Our Story
From One Career Track to Another
Er Wan Ling
Family Programme Manager, EQUAL
Published on 12/02/20
Wan Ling works at EQUAL, an animal-assisted intervention centre that develops life skills in youth, people with special needs, families, and elderly with dementia.

At the Beginning
Teaching has always been my passion, and I’d been an educator for close to a decade. From helping students achieve their goals to watching them grow over the years, it’s been a role filled with both challenges and joy. I started as a tutor in my first job, then as an English and Social Studies teacher at a secondary school. Five years later, I took on the role of Level Head of the English Department.

It might come as a surprise to you that I decided I wanted a career change after eight years. While I love teaching, it was also an arduous role, and I wanted a break. But more importantly, I wanted to explore and experience other career paths that could bring me just as much, if not more, contentment.
And so I evaluated aspects of my role to decide what felt good to me. I wanted to work with people because I like connecting with others. And I also wanted to help them. During my time as a teacher, whenever students shared their lives and problems with me, I was always prepared to lend them a listening ear.
With these thoughts, I decided to pursue a Masters of Counselling, hoping to build my knowledge, while giving me more insights on how I might help people. Incidentally, during the course, I met Thomas*, who was an Instructor at EQUAL. I was intrigued. An agency that offers equine-assisted learning where I can play a part in helping others? Interesting! The role did not require any prior experience with handling horses, and I was pleased to learn that training would be offered on the job. That very week, I applied to EQUAL as an Instructor!
Switching Tracks
The experience of being an Educator and an Instructor was certainly different. For starters, I went from working with just people, to working with rescued horses as well. My role as an Instructor was to conduct programmes, and assist with the development of the curriculum and care of the horses. It was tremendously enjoyable.

As an Instructor, I also saw myself bringing aspects of my old role into my new one. There was an element of teaching in conducting the programmes, as I guided our clients as they interacted with the horses.
Nine months later, a role for Family Programme Manager opened up, and I hopped on the opportunity to expand my experience and knowledge of the work we did. In my new role, I would plan and host sessions with potential partners, including other social service agencies and schools.
I found that my previous experience as Level Head helped me assimilate easily into my current role. I was, as I had in the past, looking at the big picture of planning, developing and organising programmes on a wider scale. Managing a team also came to me easily, as I had experience managing other educators in my previous career.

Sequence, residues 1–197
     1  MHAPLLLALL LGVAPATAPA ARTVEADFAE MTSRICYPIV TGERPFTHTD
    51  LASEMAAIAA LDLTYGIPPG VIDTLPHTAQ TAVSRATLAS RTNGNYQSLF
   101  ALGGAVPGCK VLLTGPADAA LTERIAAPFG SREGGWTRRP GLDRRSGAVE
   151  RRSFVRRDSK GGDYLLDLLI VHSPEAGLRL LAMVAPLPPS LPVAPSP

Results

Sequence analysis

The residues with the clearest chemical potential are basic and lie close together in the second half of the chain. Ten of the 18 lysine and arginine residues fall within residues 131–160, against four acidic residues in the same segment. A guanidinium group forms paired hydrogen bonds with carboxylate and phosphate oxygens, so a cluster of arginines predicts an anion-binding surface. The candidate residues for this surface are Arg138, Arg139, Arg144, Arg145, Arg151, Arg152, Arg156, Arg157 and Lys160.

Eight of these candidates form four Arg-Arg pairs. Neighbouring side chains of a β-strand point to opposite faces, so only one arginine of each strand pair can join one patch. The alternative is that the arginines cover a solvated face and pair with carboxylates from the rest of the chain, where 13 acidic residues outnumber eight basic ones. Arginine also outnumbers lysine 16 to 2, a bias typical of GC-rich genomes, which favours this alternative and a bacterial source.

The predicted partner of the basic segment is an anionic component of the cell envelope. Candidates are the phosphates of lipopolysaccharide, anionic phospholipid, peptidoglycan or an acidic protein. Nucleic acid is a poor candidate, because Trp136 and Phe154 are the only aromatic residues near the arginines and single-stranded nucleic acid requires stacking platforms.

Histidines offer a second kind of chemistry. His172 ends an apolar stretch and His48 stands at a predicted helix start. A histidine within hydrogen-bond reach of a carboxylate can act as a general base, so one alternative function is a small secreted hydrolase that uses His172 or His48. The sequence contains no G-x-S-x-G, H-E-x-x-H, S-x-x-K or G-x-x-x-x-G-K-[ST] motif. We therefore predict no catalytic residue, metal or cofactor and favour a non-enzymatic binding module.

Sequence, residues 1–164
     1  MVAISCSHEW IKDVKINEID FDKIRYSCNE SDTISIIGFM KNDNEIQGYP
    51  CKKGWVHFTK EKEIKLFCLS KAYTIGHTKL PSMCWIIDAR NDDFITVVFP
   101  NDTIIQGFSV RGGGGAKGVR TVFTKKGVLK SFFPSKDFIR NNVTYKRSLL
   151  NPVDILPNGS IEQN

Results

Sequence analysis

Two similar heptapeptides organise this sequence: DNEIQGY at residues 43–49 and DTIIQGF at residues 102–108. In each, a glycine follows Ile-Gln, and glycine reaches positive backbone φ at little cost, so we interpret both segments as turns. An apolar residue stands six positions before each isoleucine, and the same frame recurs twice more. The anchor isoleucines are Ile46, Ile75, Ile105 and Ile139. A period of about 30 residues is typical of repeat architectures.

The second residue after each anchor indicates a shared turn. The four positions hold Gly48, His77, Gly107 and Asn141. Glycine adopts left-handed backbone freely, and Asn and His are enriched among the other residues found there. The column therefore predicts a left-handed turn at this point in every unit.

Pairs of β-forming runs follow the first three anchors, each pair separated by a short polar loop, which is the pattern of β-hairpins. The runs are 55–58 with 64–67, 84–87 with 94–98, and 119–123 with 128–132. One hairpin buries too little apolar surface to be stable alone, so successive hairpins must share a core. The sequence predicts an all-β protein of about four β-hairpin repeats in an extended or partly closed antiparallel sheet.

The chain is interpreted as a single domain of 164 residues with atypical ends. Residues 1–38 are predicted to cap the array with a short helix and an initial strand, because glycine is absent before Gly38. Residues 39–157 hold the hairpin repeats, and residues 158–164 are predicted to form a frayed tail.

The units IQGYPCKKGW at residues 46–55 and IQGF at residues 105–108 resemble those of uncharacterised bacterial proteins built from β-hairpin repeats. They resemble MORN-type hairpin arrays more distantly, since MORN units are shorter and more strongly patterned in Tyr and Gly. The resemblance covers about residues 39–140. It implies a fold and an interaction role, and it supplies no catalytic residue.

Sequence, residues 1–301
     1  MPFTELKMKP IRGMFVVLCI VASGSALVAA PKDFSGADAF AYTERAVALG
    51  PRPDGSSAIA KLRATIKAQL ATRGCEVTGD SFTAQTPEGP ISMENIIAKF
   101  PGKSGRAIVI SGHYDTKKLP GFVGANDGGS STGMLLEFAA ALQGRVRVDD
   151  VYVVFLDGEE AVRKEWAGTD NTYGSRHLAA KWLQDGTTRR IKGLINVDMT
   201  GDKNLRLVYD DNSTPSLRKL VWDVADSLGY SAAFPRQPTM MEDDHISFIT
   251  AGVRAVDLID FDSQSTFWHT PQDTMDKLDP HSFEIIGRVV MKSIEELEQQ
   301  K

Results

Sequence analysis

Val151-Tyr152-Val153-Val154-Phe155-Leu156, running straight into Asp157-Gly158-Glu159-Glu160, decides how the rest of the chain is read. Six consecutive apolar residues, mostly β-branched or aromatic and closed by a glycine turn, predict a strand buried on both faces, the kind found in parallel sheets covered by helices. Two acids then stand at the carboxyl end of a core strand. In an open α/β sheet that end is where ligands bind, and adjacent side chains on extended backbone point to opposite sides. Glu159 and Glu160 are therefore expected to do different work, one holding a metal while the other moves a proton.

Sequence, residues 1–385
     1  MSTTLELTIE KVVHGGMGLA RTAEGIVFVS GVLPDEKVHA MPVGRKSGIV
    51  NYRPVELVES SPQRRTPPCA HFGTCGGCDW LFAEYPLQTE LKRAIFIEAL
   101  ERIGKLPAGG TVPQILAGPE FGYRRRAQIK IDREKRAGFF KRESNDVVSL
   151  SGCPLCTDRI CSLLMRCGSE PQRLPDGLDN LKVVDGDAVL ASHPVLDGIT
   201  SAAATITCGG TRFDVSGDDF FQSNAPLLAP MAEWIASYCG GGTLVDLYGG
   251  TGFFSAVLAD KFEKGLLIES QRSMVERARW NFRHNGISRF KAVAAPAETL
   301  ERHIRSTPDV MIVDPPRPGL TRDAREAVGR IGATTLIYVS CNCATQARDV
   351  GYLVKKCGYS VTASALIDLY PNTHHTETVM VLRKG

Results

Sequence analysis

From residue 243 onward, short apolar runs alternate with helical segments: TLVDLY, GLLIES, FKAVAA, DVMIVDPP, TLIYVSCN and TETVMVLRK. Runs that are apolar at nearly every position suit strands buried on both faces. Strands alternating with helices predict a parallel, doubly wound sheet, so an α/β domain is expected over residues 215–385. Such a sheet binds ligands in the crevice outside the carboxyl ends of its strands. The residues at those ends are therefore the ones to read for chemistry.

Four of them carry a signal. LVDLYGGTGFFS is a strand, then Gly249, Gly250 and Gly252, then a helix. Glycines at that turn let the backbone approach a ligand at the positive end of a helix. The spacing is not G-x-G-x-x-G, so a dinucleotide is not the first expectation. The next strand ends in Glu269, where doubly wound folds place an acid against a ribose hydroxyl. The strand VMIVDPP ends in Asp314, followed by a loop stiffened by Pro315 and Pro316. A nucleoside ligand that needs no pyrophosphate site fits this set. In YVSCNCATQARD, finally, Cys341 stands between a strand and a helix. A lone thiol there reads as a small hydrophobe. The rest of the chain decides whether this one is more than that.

Helping Others Overcome Hurdles
It’s been one and a half years since I joined EQUAL, and it’s been a ride. Altogether exciting, educational and meaningful, I couldn’t have asked for a better switch in careers. The work we do at EQUAL extends beyond our stables, and I’ve seen individuals grow and mature through our programmes.
For example, when I was working as an Instructor, I conducted a programme with youths with behavioural issues. During the programme, I had trouble reaching one of the youths, Jenna*, a temperamental 14 year old who refused to participate in any activities. However, over the course of the programme, she began interacting with Kary, one of our gentlest horses. In a span of nine sessions, it warmed our hearts to watch Jenna go from an angsty, quick-tempered teenager, to someone who gained a deep sense of self-awareness. 

Working with horses does that to you—they’re sensitive creatures and require those around them to be calm and patient when interacting with them. Towards the end of the programme, Jenna had learned how to open up, articulate her feelings, and form better and deeper relationships with those around her. It was a turning point for her, and the team and I were happy for her progress.

Now that I’m a Programme Manager, I am less on the ground, but still developing programmes that will continue to provide support to individuals just like Jenna. I believe that there are many more ways I can contribute to the community through my role, and I certainly look forward to the journey.

A Programme Manager is one of many roles in Social Service.  To find out more, read about a career in services & programme management.

*Names have been changed to protect individuals’ privacy. 
Wan Ling speaks to her colleague about upcoming programmes.